## Thomas' Calculus 13th Edition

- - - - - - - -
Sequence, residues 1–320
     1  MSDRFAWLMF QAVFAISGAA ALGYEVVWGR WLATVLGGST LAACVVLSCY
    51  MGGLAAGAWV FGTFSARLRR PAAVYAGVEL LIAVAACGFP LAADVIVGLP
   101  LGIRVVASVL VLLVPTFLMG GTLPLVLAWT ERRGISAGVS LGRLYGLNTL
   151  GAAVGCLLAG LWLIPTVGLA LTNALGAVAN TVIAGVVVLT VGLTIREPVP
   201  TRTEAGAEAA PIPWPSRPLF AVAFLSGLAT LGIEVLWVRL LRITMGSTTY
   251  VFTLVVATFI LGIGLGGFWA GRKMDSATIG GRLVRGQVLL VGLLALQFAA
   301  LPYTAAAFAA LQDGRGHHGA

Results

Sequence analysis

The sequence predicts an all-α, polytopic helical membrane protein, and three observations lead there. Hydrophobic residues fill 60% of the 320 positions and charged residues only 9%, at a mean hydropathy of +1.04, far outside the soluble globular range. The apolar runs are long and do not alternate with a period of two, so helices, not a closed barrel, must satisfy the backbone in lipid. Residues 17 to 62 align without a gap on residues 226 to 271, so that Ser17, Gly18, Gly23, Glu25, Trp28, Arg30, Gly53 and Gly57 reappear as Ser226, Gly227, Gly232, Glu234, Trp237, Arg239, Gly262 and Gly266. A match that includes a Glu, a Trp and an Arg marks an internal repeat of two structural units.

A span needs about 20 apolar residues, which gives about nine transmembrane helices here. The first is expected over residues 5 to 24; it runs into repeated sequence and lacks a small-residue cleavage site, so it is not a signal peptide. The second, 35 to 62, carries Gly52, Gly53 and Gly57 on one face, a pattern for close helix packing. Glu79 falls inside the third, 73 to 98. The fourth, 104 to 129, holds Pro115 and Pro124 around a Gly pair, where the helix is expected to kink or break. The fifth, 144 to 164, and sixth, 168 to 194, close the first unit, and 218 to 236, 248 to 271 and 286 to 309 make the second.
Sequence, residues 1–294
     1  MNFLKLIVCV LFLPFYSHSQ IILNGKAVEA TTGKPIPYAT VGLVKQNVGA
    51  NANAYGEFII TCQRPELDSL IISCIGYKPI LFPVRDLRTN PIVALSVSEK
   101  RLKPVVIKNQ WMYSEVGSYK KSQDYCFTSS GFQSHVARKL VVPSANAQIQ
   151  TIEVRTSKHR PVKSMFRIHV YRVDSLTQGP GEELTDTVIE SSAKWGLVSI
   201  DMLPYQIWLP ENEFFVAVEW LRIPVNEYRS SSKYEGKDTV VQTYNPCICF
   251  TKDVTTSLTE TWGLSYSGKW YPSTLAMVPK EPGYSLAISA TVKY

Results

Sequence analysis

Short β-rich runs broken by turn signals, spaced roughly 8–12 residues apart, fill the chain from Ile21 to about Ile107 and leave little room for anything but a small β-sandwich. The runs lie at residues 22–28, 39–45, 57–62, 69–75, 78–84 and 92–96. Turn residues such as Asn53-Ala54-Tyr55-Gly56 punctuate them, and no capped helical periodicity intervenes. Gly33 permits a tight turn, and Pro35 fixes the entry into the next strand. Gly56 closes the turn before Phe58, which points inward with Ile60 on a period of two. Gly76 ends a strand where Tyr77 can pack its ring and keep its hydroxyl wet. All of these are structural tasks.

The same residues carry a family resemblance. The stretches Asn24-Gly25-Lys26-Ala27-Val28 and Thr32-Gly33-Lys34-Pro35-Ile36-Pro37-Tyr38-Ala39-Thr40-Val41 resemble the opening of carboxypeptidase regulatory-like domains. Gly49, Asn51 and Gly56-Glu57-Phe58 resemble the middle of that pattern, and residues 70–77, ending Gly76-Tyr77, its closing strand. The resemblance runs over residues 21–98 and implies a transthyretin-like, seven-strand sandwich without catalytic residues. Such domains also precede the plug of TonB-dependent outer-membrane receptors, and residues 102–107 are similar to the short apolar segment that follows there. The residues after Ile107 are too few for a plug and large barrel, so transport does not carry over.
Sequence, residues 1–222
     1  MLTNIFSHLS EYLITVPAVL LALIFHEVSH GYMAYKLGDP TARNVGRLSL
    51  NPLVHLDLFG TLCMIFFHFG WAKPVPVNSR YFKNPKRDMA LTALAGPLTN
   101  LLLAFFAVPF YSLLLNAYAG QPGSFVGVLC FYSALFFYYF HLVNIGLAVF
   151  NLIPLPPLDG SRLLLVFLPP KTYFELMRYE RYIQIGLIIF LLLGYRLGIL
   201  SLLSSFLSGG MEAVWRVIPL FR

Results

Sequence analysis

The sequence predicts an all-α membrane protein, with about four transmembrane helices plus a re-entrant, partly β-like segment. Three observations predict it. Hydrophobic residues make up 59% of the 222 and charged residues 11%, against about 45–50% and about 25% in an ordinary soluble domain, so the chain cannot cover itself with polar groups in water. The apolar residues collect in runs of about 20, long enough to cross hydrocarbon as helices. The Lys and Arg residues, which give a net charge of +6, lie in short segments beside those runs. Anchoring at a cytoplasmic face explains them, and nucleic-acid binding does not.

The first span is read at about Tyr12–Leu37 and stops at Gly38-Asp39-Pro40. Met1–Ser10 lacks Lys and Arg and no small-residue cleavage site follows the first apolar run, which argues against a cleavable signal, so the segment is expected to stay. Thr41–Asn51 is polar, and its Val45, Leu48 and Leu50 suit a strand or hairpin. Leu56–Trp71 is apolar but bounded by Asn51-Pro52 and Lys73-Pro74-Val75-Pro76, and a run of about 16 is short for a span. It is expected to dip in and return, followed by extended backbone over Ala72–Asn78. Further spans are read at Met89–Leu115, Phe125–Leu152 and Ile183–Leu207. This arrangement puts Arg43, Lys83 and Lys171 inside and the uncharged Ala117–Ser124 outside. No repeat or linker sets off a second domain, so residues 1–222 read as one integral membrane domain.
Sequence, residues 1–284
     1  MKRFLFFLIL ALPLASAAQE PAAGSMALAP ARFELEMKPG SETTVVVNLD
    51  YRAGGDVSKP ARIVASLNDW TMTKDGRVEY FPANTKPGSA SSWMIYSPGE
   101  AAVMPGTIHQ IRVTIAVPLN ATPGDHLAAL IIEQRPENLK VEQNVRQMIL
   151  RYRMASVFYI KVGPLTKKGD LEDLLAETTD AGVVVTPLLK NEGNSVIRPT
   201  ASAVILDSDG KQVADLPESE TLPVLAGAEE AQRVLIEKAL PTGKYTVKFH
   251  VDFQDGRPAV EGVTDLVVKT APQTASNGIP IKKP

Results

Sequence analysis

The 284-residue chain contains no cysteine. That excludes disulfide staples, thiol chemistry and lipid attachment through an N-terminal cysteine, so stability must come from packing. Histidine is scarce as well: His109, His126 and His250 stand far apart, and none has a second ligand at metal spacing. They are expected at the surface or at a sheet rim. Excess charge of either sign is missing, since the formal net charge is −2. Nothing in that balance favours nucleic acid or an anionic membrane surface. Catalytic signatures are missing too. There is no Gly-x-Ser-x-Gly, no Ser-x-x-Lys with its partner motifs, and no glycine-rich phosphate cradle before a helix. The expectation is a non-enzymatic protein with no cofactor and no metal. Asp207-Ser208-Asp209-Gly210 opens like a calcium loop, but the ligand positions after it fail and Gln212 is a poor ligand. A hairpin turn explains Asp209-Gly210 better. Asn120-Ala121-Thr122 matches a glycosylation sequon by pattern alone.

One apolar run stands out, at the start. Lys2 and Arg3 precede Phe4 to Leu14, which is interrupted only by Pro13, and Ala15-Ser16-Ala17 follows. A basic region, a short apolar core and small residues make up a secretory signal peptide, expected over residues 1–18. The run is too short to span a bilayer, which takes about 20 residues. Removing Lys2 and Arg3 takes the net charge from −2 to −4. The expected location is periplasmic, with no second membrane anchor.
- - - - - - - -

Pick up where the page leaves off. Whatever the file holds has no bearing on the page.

Step (1) applies the fact that $(-x)^{2}=(-1\cdot x)^{2}=(-1)^{2}x^{2}=1\cdot x^{2}=x^{2}$ (the square of a number is nonnegative, whether the number is negative or not, and, the squares of a number and its opposite number are equal in magnitude.) So, given that $|a+b|$ is always nonnegative and $(a+b)$ could be either negative or nonnegative, their squares will be equal in any case. Step (2) applies the fact that the product $ab$ could be negative or nonnegative. If it is negative, it is less than $|a|\cdot|b|$, a product of nonnegative numbers. If it it is nonnegative, it equals $|a|\cdot|b|$, a product of nonnegative numbers. In either case $ab\leq|a|\cdot|b|$, so adding $2ab$ to $a^{2}+b^{2}$, we get less than or equal to the case where we add $2|a|\cdot|b|$ to $a^{2}+b^{2}$ Step (3) applies the same principle as step 1, $|a|^{2}=a^{2}$ and $|b^{2}|=b^{2}$. Step(4) Taking the square root of both sides, with both sides being nonnegative, we apply the inequality $''$LHS$\leq$RHS$''$ , achieved in step (2), because $x_{1}\leq x_{2}\Rightarrow\sqrt{x_{1}}\leq\sqrt{x_{2}}$, for positive numbers $x_{1}$ and $x_{2}.$ (The square root function preserves order.)